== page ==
The metaphor for consciousness always seems to be some variant of a mirror. Consciousness reflects reality. Consciousness of something. Consciousness as representation of the grammatical subject and the world as the grammatical object. But always consciousness ultimately as a mirror and as representative of the grammatical subject even by those who should know better, like neurologists and psychiatrists.
We are habituated to thinking of the objects of perception as "out there" in the world. We habitually divide our sensations into perceptions of objects (that are not us) and self-perceptions. Again we fall back into the habit of subject and object.
An old criticism of the idea that language, truth or consciousness reflects reality similarly to a mirror.
Image/Concept formed by Perceiver <=====> Object of perception.
In order to determine whether or not the concept/image/thought etc. is accurate, knowledge of both the concept of the perceiver and the object itself must be compared. In a quasi-Christian context this comparison would be done by God. And because we as human beings are made in His Image, we partake of His ability to perform this comparison. To the extent that we are like God our thoughts and perceptions conform to His knowledge and true-seeing. But if the epistemological hocus-pocus of God is set aside, the whole idea of what an object is really like falls apart. There is no longer any special perspective from which to see. Sight is no longer a special metaphor for knowing and for consciousness.
Maybe a different metaphor for consciousness and language. The metaphor of a mirror likens knowledge and consciousness to a kind of seeing with seeing as the closest possible approximation of true apprehension. Let's try a drop cloth like painters use when painting the walls of a furnished room. Imagine now that the furniture is invisible. The cloth drapes over furniture it both obscures and reveals features of objects beneath it. It is easy to imagine how drop cloths made of different fabrics would conform more or less closely to the shape and outline of the invisible objects in the room. Some would be stiffer and coarser conforming less to contours and details, while others would be finer and more delicate. It becomes meaningful to talk about degrees of perception and of knowledge.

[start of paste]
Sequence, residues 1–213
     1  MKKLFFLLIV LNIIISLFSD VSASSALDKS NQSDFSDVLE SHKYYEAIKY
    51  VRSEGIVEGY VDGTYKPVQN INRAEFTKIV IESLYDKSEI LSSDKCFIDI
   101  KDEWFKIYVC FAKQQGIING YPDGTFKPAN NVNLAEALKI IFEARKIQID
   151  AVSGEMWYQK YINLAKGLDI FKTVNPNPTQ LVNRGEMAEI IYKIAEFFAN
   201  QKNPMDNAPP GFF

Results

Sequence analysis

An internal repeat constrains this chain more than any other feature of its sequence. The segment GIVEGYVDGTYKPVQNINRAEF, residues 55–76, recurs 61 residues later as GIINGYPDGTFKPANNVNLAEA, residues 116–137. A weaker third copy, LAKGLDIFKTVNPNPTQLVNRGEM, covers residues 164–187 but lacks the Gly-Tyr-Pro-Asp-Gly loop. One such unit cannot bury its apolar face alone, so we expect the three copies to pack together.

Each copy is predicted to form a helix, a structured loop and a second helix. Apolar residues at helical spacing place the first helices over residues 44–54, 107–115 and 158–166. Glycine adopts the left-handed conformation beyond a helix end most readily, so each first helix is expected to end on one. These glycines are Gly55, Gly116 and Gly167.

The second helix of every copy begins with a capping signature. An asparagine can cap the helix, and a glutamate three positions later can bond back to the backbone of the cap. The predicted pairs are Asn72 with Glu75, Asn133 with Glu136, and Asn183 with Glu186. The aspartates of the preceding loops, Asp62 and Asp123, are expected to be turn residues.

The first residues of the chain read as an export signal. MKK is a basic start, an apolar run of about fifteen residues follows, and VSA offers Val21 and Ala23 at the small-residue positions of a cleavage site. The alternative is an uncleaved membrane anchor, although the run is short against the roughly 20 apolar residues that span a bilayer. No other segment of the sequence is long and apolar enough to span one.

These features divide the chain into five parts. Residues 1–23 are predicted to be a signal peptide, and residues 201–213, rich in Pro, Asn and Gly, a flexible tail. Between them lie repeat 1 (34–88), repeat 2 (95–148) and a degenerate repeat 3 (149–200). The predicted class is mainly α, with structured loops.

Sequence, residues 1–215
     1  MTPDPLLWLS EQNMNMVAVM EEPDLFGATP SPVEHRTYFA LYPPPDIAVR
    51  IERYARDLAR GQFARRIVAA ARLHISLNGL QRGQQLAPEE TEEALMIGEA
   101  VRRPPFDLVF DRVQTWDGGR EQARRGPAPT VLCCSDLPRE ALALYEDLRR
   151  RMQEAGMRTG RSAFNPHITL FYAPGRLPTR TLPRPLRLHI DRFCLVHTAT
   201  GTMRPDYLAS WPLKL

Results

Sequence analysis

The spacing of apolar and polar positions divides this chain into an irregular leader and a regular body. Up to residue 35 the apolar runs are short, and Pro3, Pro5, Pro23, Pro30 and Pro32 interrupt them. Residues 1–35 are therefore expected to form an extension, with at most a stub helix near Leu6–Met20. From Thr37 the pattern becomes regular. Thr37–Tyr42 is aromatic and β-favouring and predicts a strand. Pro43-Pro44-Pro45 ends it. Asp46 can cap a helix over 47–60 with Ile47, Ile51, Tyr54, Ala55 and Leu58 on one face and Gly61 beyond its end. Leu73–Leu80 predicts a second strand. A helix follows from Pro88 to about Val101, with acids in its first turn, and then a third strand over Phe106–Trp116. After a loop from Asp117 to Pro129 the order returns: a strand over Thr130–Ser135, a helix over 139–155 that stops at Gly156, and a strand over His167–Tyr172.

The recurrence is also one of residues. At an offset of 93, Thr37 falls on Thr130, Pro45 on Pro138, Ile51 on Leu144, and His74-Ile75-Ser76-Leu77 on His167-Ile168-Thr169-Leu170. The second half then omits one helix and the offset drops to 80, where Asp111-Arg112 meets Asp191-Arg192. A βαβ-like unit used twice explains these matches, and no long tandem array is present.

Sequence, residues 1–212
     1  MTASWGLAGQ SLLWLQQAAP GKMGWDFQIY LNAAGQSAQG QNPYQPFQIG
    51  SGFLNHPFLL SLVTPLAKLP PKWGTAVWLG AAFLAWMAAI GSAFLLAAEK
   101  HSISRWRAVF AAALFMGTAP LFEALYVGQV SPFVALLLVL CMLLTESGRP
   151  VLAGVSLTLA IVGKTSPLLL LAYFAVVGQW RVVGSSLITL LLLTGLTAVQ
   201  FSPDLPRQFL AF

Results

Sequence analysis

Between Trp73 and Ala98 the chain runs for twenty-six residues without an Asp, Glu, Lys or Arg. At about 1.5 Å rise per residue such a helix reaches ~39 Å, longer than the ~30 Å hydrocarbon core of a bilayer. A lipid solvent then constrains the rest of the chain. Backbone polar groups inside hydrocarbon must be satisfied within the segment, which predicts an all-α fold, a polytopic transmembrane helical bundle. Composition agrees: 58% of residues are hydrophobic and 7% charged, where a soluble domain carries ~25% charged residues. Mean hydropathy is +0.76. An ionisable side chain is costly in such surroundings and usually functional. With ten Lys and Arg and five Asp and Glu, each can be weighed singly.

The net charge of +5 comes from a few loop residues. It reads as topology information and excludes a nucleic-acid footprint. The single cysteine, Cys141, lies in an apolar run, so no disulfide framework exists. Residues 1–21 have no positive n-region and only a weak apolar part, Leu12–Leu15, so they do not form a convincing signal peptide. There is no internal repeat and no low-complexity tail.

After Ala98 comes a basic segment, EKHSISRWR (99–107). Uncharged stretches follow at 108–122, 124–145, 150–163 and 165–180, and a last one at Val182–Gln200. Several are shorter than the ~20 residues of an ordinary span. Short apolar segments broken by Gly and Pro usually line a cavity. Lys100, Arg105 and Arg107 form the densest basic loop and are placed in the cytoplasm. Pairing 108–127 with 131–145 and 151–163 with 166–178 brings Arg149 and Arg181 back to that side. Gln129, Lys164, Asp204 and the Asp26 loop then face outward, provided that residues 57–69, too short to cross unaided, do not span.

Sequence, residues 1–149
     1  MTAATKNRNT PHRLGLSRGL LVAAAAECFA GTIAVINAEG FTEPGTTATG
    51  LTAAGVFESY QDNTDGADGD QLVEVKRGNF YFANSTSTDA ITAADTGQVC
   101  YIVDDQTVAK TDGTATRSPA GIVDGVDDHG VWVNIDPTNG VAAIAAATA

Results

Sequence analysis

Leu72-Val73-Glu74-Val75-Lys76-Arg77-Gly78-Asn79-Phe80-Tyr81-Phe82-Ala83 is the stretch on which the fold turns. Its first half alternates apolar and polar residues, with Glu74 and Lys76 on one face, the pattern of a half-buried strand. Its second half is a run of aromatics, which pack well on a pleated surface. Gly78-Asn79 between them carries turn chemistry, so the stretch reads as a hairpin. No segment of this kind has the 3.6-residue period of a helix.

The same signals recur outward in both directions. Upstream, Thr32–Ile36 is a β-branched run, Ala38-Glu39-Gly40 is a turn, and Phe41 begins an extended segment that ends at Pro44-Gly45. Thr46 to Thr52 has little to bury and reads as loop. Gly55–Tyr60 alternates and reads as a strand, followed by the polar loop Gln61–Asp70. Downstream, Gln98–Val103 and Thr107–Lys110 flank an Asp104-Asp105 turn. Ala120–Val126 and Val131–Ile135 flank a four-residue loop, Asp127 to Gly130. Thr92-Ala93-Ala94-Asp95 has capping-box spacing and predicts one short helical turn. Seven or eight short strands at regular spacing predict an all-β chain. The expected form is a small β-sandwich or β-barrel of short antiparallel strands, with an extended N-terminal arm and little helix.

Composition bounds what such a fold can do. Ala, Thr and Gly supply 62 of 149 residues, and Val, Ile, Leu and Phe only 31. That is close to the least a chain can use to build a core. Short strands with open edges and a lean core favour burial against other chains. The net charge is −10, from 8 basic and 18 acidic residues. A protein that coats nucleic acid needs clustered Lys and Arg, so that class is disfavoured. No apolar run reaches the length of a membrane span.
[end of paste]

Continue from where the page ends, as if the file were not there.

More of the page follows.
Another possible metaphor, maybe not so much for knowledge or consciousness, but for language is that of a fisherman's net. Rather than thinking of language in terms of individual words and phrases that match up to objects and relations of objects in the world, language in its own larger grammatical and stylistic structures make the capture of objects and perceptions of the world possible.We cast our net into the chaos of our sensations and draw forth the world.
The question we should ask about consciousness is "what if consciousness is not consciousness of something?" What if that "of-ness" is part of consciousness? What if this "of-ness" is some grammatical hocus-pocus? Some linguistic sleight of hand that always fools us?